Often, dog parents get confused about when to transition their little canines from pup food to adult food. That’s because dogs grow into adulthood at different rates. There isn’t really a “switching” period that applies to all breeds.
According to My Sweet Puppy, one must keep an eye out for shifts in behavior, energy levels, appetite, and appearance indicative of canine adulthood. If you’ve been feeding your pup high-quality dog food, transitioning too early could be a mistake.
Your pooch needs all the vitamins and minerals puppy food affords while it’s still growing. That’s why it’s crucial to transition at exactly the right time.
But when exactly would this be? Let’s find out.
Puppy Food vs. Adult Dog Food
Commercial dog food formulated specifically for pups is incredibly beneficial for dogs until their adolescent stage. The stage between the puppy and adolescent age is where most of the growth and development occurs. Meaning they would need a more balanced and complete brand of dog food during this phase of their life.
Puppy food provides exactly that, with its slightly different balance of minerals and vitamins and higher caloric content for supporting muscle and bone growth. Most vet nutritionists recommend homemade versions of puppy food since they allow you to customize contents according to their pup’s individual needs. You might want to go down this road for a sensitive breed with a high-maintenance diet.
While an adult canine is unlikely to experience nutritional problems from being fed pup food, it doesn’t mean it’s completely out of the woods with regard to other concerns. Among the main concerns linked to mismatching food and the current life stage is excess weight gain. That’s because pup food packs more calories than adult food—calories an adult no longer needs.
That said, spaying or neutering can also be the reason for your dog’s weight gain. Of course, this process is still recommended for its broad range of benefits.
When To Stop Feeding Pup Food
Transitioning from pup food to adult dog food depends on several factors: breed, age, size of an adult dog, and health status. Each of these aspects varies from one dog to another, so a uniform transition time is not specified.
Though, generally speaking, transitioning to an adult diet when your dog is obviously already an adult should be harmless. For small- to medium-sized pooches, this should be around the eight- to the 12-month mark. On the other hand, this wouldn’t be for at least another six months for large and giant breeds.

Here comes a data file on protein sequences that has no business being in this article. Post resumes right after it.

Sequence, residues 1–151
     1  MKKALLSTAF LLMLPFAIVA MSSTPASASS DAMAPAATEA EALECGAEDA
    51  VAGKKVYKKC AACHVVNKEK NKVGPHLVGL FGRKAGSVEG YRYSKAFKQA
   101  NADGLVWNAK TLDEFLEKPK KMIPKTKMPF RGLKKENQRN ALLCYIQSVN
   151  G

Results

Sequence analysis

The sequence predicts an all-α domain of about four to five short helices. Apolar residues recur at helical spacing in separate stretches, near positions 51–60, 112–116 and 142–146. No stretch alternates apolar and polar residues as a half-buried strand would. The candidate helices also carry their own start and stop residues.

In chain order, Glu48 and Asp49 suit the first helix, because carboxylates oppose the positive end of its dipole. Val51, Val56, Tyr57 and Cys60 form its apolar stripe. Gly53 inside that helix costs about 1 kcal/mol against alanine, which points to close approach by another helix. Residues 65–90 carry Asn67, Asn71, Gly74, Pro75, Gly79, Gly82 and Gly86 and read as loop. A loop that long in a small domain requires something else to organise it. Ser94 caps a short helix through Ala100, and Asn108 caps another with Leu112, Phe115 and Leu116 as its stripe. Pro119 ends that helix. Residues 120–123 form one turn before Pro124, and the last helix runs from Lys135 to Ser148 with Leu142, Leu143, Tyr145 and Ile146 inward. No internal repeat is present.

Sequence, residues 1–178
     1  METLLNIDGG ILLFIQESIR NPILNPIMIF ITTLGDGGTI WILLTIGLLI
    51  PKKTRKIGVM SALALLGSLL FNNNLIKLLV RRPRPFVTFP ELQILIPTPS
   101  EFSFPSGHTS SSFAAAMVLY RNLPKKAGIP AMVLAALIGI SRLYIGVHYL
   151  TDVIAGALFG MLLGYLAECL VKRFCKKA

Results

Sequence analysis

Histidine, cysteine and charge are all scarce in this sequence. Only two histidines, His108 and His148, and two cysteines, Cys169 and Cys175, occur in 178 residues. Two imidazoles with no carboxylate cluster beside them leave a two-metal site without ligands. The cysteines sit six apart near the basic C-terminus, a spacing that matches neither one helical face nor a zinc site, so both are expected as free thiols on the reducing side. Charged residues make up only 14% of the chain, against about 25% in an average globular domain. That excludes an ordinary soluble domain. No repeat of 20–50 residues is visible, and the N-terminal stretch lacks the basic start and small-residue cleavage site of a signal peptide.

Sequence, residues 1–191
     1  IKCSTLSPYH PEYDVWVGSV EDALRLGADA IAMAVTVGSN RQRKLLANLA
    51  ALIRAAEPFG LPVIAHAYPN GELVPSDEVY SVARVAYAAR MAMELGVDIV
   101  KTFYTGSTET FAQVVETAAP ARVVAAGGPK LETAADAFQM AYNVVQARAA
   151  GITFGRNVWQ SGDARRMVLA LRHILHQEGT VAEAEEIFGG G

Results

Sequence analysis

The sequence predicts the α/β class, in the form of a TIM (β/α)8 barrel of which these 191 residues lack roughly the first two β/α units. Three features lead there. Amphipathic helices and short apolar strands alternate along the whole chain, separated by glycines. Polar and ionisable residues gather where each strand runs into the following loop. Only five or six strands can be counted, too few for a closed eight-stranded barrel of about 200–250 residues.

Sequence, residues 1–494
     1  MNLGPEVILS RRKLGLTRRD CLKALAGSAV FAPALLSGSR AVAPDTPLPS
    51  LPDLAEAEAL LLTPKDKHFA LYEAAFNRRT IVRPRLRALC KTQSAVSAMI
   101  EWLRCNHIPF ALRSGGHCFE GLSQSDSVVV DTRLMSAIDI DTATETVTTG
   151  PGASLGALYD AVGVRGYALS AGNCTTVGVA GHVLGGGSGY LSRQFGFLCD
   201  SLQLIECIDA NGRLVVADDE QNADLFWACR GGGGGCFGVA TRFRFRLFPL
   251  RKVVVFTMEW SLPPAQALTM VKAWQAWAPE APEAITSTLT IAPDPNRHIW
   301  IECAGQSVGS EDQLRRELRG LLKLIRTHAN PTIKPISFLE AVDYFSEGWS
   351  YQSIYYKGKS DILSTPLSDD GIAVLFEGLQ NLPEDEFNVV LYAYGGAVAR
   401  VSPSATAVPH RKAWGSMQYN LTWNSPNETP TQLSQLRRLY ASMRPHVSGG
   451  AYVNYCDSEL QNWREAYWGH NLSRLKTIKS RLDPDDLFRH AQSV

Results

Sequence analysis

If you can’t quite determine your dog’s breed, the safest bet would be to wait until it is at least a year old before switching the diet. Dogs with health issues that you can better manage with diet shifts might need to transition earlier.
Your vet should be able to help you decide on all matters related to food transition. That includes what adult dog food best caters to your pooch’s individual needs.
How To Transition To Adult Dog Food
Transitioning to adult dog food should be done gradually to minimize or prevent digestive issues. Spread the transition process over a period of seven days to get your dog’s stomach used to the new food. Of course, you would need to lengthen this period if your canine companion is prone to digestive upset.
To help your dog acclimate to the new diet, start mixing smaller portions of the adult food with a larger portion of the pup food. Increase the adult-food portion size throughout the transition period until it’s the only thing left and your pup doesn’t even notice.
If symptoms of digestive issues surface at any time, you could be transitioning too quickly. Try slowing things down and introducing a probiotic supplement into your dog’s diet. It usually resolves the issue for most canines. However, if the bloating, flatulence, appetite loss, or diarrhea persists, get your dog to a vet right away.
How Much Should You Feed Your Canine?
Several factors dictate the amount you should feed your puppy. One should consider the body size, health condition, energy levels, and diet contents when determining their dog’s daily caloric intake. There won’t be a blanket solution because each dog food brand varies in nutritional content.
Also, while dog food bags usually have feeding guides, some might not offer accurate information. That’s why it’s, again, best to rely on your vet regarding your dog’s dietary needs. When consulting a professional, don’t forget to consider the incorporation of treats, table scraps, and supplements into your dog’s diet.
The Joys of Doggy Adulthood
One of the best things about dogs turning into adults is they never quite outgrow their puppy-dog face. Some of the antics might fade, but many of the qualities that make them your “babies” still remain.
Help kickstart their adult life by transitioning them to adult food at the right time. Teaming up with your vet on this should ensure an efficient transition using the proper nutrition.